The Big Picture of Sour Dough

The Start

The sourdough bug bit.  Stands to reason,
what is there not to like about another fermentation process in the home of winemakers?
But this bug has it problems if you let it get out-of-hand.
Sourdough is a sort of holy grail exercise, and the grail becomes
making a better sourdough than the best classic, San Francisco-style,
loaf of sourdough that you have ever tasted.
That's the bug that I didn't let bite me.  Because...
we can get just such a wonderful loaf at the bottom of our hill
at Glen Ellen Village Market, baked under the trademark of
Raymonds.

Having said that, you should still know about the holy grail.
It is well worth it to find the article written by Erika Bruce in the March/April 2005
edition of Cook's Magazine.  She takes you on a very nice journey.

Our journey is a different one.  We made a deal with ourselves that we
would not make any bread that you could find in the stores.
Sonoma County is such a fertile field for bread, why reinvent the wheel?
And who wants to compete with some of the best bakers in the world?
So... it all started at the A
HH Bread Baking Seminar.

                                                                                                         
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The Starter

The star of this seminar was Konstantin Zaharoff.
He brought the bugs that bit.
Konstantin brought the starter that we have been feeding and has been feeding us ever since.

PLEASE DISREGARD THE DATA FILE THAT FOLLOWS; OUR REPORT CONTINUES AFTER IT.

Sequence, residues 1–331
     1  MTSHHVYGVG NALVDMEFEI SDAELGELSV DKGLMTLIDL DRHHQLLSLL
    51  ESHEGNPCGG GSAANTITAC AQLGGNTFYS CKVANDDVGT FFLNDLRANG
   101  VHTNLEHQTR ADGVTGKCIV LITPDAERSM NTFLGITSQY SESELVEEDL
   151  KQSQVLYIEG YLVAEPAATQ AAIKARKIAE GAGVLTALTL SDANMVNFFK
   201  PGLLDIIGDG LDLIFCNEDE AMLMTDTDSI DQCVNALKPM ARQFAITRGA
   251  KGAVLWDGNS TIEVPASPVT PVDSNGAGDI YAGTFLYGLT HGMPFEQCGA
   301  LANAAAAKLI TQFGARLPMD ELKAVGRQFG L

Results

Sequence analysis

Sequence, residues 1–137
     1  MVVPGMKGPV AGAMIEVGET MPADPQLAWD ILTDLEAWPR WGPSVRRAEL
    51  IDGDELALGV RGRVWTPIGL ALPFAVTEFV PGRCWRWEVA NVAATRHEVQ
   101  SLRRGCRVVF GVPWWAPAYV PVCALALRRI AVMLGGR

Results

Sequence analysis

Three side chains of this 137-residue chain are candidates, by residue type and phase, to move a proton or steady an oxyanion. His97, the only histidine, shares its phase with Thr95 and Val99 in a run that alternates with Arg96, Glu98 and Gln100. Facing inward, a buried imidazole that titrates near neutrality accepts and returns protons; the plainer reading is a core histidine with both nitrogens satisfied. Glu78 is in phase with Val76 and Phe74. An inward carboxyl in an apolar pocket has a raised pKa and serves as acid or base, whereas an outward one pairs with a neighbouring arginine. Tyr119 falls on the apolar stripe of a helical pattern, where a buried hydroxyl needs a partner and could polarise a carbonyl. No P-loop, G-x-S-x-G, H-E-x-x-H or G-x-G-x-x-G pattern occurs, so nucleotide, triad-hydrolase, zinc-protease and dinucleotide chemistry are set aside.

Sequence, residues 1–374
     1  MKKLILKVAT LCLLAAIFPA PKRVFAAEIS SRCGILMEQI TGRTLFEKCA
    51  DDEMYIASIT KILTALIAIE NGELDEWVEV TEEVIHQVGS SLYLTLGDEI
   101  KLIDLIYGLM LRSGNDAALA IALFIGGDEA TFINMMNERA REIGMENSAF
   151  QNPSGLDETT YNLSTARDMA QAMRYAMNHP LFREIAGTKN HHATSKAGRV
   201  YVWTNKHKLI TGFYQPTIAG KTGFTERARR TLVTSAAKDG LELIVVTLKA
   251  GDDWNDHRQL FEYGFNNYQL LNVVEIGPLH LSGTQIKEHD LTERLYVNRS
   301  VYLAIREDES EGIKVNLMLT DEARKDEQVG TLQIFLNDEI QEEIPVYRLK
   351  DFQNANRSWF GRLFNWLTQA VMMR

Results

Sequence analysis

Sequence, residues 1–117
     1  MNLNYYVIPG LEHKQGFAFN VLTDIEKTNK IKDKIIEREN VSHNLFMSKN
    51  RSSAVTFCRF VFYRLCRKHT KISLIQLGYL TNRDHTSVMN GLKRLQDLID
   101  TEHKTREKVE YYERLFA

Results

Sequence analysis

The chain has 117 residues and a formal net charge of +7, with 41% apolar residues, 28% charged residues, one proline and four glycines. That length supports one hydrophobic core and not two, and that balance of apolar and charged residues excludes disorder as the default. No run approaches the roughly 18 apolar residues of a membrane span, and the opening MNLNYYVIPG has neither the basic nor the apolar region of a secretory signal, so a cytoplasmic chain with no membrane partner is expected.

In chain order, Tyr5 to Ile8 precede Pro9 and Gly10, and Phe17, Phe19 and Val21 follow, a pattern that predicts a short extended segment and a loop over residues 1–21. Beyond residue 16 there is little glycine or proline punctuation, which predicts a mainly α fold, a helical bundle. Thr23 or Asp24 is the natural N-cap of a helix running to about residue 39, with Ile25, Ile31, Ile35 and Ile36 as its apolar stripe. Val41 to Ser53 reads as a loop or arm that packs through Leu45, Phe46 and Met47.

The good news is that he got it from a health-food store, and you can too.
Now, if you can get a starter from some emotionally connected source, do it !
That will put a little more soul and smile into the bread.
Our emotional connection to Konstantin runs this way:
The general contractor at the Villa here, is Andy, the son of Konstantin and Alla.
Andy took out an indoor BBQ for us that we never used because it fumed,
and besides, we like to be at the hearth or outside when cooking with fire.
Andy said, "What do you want for that BBQ?  My parents could use it."
Bruce said, knowing they were foodies and Russians,
"I don't know.  How about your Mom putting on a Russian meal for us."
To which Andy said, "You've got a deal, my Mom is always ready for a party."
And what a great deal it was.  First of all, it wasn't a Russian meal,
it was a Russian FEAST!  Replete with the art of toasting.
The perfect wine match with a Russian feast is Vodka.
Interestingly enough, this 'wine' has as much or more
protocol around it as does wine-wine, and they
were the sort of people that were kind
enough to gently instruct us.

As you might guess, this sort of connection blossomed.
It came to fruition during a subsequent feast when I was
toasting to the passing of my Mom.  Later in the feast, sensing
that Alla was the social-organizer of the Zaharoffs, I leaned over
to her and said, "I want to ask you a question that you don't have to
answer now.  Think it over.  But the question is, would your tribe like
to part of our tribe?"  Alla thought this over for about two nano-seconds.
Her answer was,
"YES!"

Alla later became Bruce's adopted-mom, and it is with this emotional tie, that Konstantin,
her wonderful husband, brought us the sourdough starter that we use.  He brought it
in a one quart yogurt container, and so we have used that size of container
that will give you one and a half cups of starter left over after you feed it.

The feeding is:
With a rubber scrapper, mix what is in the starter container and then
measure out 1 cup of starter.
Use the remaining starter which will give you about 1 1/2 cups for bread, etc.
Put the one cup of starter into a mixing bowl.
Add one cup of water and mix it in.
Add 1 1/2 cups of white unbleached flour or a combination of
whole wheat pastry flour and white flour.  Mix it in.